Date of Award


Degree Type


Degree Name

Honors Thesis



First Advisor

Katherine B. Novak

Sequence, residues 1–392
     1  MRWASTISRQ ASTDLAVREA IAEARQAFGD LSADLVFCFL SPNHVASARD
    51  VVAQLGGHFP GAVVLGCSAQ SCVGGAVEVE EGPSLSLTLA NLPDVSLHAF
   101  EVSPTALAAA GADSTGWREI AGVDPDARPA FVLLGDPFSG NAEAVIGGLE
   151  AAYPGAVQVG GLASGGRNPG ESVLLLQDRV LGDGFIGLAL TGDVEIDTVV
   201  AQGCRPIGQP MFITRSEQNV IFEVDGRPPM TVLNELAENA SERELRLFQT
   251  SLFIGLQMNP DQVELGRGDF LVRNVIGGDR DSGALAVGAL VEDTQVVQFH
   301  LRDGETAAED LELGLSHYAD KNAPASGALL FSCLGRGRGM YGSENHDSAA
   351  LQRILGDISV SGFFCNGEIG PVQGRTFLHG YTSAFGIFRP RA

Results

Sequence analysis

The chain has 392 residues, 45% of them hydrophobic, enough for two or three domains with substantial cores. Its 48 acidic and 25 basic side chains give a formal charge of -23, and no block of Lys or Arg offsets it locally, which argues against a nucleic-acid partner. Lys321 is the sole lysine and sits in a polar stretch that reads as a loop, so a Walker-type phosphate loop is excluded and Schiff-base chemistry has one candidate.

Rape myths persist among college students for a variety of reasons, and therefore rape remains a serious problem on college campuses. Past research has consistently shown that there is a relationship between traditional gender role attitudes and belief in rape myths. For example, Szymanski, Devlin, Chrisler, and Vyse (1993) found that men with traditional gender role attitudes believe in more rape myths. Studies suggest that traditional gender role attitudes have decreased as women have entered the work force , and that individuals who grow up in egalitarian households are less likely to hold traditional gender role attitudes. This study examines the extent to which growing up in an egalitarian family affects traditional gender role attitudes and the acceptance of rape myths. Gender differences in beliefs will also be examined. The data for this study was collected from 100 college students enroJled at a mid-sized private university using a self-administered questionnaire. This survey included the modified Illinois Rape Myth Acceptance Inventory, the BEM sex role inventory, General Social Survey measures of gender role attitudes, as well as questions regarding family structure. It was found that students from egalitarian households were less likely to hold traditional gender role attitudes and were less accepting of rape myths. Furthermore, it was supported that gender role attitudes mediated the relationship between family context and the acceptance of rape myths.